“I am a servant of Allah. He will reveal the Book to me and make me a prophet. He blessed me wherever I am. In the rules revealed to me there will be a special attention given to prayers and charity. Allah predestined that I will be kind to my mother and not a tyrant with a bad ending. Peace was on me the day I was born, peace will be on me on the day I will die, and on the day I am raised alive again!”—Qur’an, sura 19 Maryam, ayat 30-33
According to Islamic texts, Jesus was divinely chosen to preach the message of monotheism and submission to the will of God to the Children of Israel (banī isrā’īl).
Scripture given to Jesus
Muslims believe that God revealed to Jesus a new scripture, the Injīl (English: Gospel), while also declaring the truth of the previous revelations – the Tawrat (English: Torah) and the Zabur (English: Psalms). The Qur’an speaks favorably of the Injīl, which it describes as a scripture that fills the hearts of its followers with meekness and piety. The Qur’an says that the original biblical message has been distorted or corrupted over time from what was revealed to the messengers. In chapter 3, verse 3, and chapter 5, verses 46-47, of the Qur’an, the revelation of the Injil is mentioned:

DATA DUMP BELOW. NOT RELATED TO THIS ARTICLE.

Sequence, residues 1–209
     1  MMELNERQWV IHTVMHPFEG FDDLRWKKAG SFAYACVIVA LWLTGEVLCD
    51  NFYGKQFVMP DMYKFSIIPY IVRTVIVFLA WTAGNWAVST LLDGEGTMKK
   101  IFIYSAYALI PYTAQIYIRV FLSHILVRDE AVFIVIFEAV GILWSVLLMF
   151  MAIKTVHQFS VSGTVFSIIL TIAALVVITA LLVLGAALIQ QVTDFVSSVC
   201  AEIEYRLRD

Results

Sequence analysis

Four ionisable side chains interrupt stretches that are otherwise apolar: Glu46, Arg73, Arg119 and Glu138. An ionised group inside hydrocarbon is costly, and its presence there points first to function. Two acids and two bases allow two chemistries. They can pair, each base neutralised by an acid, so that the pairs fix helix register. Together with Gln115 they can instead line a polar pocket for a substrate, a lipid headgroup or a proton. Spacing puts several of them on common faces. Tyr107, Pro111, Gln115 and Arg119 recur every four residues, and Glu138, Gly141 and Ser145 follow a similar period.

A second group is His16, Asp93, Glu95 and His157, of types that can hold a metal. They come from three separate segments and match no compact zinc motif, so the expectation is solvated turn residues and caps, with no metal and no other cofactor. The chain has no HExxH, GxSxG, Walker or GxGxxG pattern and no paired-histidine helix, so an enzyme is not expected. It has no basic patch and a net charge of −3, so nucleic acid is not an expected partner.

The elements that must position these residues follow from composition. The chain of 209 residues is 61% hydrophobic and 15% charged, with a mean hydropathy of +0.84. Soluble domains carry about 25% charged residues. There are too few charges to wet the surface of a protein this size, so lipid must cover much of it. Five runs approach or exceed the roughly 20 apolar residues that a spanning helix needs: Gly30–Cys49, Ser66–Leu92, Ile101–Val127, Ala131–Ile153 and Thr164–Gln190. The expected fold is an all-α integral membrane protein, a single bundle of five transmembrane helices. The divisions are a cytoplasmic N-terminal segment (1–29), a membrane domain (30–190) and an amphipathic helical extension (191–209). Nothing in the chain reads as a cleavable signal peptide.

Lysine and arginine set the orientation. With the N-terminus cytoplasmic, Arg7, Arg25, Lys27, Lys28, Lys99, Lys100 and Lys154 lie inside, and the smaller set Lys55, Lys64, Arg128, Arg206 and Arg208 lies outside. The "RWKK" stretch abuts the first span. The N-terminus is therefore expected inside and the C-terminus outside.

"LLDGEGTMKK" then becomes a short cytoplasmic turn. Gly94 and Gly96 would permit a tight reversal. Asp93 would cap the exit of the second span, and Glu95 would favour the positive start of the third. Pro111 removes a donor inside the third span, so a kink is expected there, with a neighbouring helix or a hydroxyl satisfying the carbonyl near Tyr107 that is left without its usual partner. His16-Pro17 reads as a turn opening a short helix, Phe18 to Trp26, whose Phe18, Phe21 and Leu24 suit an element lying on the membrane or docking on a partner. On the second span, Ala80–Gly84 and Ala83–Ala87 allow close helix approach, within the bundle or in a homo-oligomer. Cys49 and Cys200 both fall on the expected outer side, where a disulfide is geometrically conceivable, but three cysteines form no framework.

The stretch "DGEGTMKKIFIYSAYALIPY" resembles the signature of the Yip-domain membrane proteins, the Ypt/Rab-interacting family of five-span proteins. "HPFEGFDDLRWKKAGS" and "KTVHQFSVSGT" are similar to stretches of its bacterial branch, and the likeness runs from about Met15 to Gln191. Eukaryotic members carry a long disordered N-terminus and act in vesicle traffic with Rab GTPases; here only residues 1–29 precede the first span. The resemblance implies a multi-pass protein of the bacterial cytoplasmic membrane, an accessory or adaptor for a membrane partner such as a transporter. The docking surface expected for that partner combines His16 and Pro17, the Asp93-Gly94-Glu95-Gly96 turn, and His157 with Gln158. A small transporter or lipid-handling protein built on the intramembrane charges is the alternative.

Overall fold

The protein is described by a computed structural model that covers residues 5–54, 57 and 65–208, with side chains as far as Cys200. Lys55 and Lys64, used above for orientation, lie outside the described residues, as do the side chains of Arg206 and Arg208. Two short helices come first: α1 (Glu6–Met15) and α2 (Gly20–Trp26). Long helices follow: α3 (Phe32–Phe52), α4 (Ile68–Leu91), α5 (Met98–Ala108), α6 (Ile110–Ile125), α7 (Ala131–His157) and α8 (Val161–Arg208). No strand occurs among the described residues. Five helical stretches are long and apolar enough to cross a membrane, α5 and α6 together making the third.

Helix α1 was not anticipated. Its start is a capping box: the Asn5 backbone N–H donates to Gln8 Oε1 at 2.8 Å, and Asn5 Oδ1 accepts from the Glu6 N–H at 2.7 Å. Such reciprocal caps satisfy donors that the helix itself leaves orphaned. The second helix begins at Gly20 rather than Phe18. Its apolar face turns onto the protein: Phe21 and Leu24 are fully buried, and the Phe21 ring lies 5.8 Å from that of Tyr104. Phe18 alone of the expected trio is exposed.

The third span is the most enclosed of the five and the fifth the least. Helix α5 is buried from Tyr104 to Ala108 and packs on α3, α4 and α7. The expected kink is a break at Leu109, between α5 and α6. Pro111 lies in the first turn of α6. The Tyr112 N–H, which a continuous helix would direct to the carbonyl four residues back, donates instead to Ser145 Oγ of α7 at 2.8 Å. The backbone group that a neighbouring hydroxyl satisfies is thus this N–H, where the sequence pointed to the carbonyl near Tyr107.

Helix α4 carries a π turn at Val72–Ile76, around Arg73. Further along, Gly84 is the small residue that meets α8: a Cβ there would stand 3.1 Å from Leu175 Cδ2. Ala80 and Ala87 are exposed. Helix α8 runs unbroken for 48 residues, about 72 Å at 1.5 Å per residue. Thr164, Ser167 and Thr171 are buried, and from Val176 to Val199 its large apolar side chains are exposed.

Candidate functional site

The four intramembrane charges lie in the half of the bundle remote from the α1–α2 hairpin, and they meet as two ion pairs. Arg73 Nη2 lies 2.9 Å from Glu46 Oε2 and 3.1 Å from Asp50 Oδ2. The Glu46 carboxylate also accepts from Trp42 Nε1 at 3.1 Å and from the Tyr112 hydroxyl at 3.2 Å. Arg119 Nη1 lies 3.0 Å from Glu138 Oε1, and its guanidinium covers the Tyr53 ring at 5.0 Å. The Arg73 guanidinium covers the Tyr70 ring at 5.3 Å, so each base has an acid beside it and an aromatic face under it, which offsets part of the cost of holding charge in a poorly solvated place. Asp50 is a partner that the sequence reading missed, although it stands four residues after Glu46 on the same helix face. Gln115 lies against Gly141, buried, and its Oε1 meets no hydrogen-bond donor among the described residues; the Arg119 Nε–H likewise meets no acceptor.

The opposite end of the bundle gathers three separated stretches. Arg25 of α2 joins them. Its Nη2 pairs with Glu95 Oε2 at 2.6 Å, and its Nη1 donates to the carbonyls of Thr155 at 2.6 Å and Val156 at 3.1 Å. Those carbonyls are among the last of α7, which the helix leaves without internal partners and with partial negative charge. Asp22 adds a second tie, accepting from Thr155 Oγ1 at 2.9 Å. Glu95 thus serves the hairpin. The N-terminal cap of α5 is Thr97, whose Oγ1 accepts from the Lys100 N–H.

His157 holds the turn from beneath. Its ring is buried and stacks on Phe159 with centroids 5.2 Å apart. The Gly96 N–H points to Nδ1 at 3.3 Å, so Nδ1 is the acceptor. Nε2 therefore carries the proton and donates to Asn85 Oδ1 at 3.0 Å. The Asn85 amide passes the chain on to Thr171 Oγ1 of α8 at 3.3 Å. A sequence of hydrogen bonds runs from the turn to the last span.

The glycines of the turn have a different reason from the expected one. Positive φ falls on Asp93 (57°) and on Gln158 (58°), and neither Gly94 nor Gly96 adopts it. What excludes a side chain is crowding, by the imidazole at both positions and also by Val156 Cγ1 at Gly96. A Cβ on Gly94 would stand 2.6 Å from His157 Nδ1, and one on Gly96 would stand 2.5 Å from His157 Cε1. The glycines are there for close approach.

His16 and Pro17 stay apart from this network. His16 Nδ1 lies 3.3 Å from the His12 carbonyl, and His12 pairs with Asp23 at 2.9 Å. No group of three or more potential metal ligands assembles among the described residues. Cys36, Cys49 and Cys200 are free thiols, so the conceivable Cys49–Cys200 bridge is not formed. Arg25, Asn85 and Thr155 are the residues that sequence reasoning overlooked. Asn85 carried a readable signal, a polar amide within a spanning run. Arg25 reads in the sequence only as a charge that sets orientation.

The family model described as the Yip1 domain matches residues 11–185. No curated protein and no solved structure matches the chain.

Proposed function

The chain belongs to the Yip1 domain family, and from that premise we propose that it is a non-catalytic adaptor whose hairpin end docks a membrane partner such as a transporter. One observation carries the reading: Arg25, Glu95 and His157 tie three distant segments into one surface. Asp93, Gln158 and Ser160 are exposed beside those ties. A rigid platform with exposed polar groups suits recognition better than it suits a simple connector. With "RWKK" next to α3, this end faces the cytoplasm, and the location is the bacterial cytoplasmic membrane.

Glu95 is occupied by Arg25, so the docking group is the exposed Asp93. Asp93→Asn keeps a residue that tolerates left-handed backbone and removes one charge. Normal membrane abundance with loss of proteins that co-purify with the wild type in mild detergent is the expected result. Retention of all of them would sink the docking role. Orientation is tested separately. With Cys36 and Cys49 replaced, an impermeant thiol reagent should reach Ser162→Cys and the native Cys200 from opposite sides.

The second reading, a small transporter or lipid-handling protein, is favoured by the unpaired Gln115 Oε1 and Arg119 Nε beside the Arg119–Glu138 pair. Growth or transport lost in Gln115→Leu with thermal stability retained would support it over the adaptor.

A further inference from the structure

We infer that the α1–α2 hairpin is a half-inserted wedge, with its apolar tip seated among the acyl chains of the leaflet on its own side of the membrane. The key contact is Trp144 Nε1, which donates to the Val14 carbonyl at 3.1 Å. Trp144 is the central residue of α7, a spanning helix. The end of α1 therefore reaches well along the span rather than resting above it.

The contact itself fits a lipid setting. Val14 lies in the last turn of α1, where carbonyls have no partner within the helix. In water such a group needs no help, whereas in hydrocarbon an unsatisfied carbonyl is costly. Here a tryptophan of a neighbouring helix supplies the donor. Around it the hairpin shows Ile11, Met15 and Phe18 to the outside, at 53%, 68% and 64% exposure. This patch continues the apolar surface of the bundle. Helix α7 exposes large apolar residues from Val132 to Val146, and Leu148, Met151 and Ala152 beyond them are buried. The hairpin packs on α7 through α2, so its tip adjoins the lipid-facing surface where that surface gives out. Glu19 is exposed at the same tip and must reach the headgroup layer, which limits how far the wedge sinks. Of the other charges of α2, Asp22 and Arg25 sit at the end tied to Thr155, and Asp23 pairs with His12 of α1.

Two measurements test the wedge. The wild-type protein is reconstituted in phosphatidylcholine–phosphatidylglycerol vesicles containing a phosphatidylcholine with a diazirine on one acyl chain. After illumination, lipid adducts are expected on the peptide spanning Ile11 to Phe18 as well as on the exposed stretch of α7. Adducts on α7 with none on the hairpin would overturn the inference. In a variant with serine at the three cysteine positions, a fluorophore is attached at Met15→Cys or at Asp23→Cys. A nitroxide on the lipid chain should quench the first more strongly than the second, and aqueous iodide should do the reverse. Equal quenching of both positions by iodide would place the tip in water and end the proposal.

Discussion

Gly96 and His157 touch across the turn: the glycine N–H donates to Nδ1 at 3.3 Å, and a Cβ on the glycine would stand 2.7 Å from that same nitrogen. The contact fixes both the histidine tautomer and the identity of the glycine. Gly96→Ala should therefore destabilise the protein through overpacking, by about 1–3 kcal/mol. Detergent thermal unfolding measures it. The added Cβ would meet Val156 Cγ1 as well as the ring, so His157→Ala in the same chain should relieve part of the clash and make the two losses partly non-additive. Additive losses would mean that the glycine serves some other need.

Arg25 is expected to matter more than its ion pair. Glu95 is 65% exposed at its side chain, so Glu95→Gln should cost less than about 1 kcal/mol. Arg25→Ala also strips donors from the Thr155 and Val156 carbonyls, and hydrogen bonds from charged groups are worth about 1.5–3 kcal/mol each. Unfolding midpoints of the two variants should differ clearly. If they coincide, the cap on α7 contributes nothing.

It is He Who sent down to thee (step by step), in truth, the Book, confirming what went before it; and He sent down the Law (of Moses) and the Gospel (of Jesus) before this, as a guide to mankind, and He sent down the criterion (of judgment between right and wrong).—Qur’an, sura 3 (Al-i-Imran) ayah 3.